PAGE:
Children and adults in grief sometimes feel pressure from themselves and from others to act and feel a particular way and worry that they are coping wrong or badly. Everyone grieves differently, even within a family, and the spectrum of grief reactions is vast and diverse. It is important to support what is comforting and helpful for someone in grief; they are the expert on how they are feeling and what does and doesn’t “work” for them.
What are common symptoms of grief?
Children and adults in grief sometimes feel pressure from themselves and from others to act and feel a particular way and worry that they are coping wrong or poorly. Everyone grieves differently, even within a family, and the spectrum of grief reactions is vast and diverse. It is important to support what is comforting and helpful for someone in grief; they are the expert on how they are feeling and what does and doesn’t “work” for them.
- Shock and Disbelief – Right after a death, it can be hard to accept what happened. You may feel numb, have trouble believing that the loss really happened or even deny the truth. You may keep expecting your loved one to show up, even though you know they are gone.
- Sadness – Profound sadness is probably the most universally experienced symptom or grief. You may have feelings of emptiness, despair, yearning or deep loneliness. You may also cry a lot or feel emotionally unstable.
- Guilt – You may regret or feel guilty over things you did or did not say or do. You may also feel guilty about certain feelings. After a death, you may even feel guilty for not doing something to prevent the death, even if there was nothing more that you could have done.
- Anger – Even if the death was no one’s fault, you may feel angry and resentful.
- Fear – You may feel anxious, helpless or insecure. The death of a loved one can trigger fears about your own mortality, of facing life without that person or the responsibilities that you now face alone.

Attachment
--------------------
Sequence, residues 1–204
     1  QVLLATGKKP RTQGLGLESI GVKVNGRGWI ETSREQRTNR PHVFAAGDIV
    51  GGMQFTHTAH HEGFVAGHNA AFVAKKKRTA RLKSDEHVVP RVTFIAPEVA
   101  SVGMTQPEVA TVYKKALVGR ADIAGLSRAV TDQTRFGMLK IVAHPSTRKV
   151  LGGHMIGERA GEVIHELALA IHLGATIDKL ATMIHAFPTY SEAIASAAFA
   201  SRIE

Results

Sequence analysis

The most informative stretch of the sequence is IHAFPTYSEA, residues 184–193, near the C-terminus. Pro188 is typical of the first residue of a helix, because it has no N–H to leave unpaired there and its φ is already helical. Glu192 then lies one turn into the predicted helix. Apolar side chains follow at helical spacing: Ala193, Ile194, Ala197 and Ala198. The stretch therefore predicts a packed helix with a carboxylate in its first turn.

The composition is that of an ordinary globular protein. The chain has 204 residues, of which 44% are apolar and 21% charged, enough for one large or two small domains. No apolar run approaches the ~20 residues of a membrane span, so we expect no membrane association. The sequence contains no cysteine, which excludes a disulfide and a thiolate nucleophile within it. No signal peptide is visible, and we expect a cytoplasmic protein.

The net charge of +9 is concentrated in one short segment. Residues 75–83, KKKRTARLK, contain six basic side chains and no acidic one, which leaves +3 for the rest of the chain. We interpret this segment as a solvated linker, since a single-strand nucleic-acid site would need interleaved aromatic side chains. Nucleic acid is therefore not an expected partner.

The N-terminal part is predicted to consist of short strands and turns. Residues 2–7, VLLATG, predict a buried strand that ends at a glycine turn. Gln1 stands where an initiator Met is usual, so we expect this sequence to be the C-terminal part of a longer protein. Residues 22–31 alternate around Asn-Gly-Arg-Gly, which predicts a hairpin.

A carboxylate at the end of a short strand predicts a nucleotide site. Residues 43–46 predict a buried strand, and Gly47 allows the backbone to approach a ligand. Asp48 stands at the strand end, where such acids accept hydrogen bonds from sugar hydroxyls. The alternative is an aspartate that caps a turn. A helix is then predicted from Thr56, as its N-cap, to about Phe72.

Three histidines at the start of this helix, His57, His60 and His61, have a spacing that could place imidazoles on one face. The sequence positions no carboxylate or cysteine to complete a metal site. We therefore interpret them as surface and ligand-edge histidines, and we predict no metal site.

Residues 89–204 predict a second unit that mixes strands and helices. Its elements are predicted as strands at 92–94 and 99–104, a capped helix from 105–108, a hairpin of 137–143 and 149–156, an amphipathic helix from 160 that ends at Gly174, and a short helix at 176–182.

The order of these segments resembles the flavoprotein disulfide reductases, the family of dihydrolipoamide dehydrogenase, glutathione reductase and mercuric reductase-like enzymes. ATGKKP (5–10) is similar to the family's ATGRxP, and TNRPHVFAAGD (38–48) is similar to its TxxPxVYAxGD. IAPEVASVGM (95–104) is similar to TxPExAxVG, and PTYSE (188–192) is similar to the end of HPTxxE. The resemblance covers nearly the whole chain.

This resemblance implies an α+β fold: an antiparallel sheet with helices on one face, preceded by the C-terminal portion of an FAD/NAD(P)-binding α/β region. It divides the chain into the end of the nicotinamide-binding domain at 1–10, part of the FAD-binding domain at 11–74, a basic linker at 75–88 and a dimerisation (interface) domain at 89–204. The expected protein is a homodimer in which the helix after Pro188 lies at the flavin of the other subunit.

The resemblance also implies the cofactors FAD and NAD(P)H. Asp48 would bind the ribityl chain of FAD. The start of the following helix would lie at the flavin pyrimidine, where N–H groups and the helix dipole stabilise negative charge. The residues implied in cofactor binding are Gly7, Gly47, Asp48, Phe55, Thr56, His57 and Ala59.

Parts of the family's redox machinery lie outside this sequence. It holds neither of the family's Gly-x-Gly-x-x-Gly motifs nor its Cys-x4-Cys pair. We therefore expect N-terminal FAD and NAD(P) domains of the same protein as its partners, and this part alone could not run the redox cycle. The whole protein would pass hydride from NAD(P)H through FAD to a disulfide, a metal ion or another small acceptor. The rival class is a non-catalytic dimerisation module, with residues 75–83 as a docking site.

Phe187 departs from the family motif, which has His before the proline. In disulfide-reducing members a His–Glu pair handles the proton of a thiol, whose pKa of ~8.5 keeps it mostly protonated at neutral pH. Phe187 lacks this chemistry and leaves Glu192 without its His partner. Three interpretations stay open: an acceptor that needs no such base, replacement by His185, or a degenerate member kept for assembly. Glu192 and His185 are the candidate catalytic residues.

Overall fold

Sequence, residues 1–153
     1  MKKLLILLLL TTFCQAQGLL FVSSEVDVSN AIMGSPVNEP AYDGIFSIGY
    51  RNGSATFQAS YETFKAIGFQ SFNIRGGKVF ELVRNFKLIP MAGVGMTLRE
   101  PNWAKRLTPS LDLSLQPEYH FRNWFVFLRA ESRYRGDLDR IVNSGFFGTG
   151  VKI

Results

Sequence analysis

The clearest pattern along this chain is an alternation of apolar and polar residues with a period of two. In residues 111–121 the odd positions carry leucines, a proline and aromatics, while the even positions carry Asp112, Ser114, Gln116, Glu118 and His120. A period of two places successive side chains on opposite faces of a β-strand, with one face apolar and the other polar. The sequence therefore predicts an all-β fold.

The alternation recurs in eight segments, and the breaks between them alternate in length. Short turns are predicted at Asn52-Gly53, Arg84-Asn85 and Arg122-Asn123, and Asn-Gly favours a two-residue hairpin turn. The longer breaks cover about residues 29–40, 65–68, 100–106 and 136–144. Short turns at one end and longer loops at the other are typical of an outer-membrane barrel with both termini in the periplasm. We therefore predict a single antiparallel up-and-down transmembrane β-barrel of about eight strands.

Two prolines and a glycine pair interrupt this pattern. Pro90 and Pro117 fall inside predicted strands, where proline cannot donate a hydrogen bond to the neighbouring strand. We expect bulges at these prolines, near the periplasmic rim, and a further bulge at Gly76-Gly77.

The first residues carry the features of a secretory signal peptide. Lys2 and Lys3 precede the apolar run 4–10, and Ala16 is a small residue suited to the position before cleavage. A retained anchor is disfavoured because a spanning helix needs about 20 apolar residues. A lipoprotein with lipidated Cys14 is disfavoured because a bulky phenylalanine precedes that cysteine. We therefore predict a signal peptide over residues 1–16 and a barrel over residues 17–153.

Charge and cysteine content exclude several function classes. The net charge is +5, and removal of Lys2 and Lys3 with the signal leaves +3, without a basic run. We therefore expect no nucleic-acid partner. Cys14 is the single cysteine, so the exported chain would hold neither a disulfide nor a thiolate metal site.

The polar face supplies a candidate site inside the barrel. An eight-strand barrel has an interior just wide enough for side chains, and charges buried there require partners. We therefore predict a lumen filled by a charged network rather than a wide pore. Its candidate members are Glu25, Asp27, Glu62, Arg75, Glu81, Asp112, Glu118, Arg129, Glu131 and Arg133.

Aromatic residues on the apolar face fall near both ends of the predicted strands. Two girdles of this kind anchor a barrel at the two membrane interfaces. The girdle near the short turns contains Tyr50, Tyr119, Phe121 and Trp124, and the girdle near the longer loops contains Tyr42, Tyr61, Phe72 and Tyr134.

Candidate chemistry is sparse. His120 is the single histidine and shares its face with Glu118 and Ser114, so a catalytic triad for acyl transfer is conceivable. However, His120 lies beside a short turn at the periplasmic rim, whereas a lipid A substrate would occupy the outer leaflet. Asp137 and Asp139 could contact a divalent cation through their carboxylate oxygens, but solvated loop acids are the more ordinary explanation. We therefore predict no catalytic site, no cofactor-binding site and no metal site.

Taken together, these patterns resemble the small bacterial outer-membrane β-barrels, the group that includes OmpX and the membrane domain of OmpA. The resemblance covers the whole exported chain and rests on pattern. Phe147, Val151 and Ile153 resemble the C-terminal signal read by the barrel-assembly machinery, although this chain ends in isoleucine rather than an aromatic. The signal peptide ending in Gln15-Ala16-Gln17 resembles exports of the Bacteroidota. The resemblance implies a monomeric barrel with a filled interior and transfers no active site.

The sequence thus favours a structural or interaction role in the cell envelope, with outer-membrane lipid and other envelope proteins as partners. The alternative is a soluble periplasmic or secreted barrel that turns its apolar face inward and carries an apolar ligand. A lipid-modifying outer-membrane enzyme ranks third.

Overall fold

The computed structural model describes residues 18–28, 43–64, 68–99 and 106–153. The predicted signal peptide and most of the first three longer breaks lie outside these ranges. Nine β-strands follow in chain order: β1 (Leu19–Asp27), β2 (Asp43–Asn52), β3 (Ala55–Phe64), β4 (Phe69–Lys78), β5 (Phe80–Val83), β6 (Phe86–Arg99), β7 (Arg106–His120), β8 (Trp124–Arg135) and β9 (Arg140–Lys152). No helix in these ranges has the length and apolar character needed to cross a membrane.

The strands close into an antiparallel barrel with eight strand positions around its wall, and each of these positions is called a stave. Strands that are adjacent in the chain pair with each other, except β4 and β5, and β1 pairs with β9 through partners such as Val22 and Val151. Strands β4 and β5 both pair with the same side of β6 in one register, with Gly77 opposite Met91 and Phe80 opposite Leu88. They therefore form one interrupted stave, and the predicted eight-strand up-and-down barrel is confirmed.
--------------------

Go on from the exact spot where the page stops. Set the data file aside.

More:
- Physical Symptoms – Grief may include fatigue, nausea, lowered immunity, weight loss or weight gain, aches, pain and insomnia.
Where should I go for help?
- Know that grief will change over time – Often, people who are grieving will feel pressure to resolve their grief quickly because friends, family and those around them may inadvertently make them feel like their grief is too intense or is lasting too long. This pressure can be detrimental to those in grief, making them feel that they are doing it wrong or that something is wrong with them. Grief never ends; though it changes over time, it continues to evolve as we integrate the loss.
- Think about talking with a professional – enlisting the help of a therapist can assist you with addressing your thoughts and feelings surrounding your grief and loss.
- Join a support group – Grief can feel very lonely, even when you have loved ones around. Sharing your sorrow with others who have experienced similar losses can be healing.
- CHOC Bereavement Support Groups for the Death of a Child
please email firstname.lastname@example.org.
- Community Bereavement Support Groups
- Compassionate Friends. Nationwide bereavement support groups for families after the death of a child, at any age, from any cause.
- The MISS Foundation. A nonprofit, international organization that provides immediate and ongoing support to grieving families, empowerment through community volunteerism opportunities, public policy and legislative education and programs to reduce infant and toddler death through research and education.
- Jonathan’s Giving Tree. An organization that assists with funding for funeral services for low-income families of children ages 12-24 who have passed away by car accident, unintentional self-medicating or suicide. They provide grief counseling, organize support groups for parents, siblings or families of any economic status.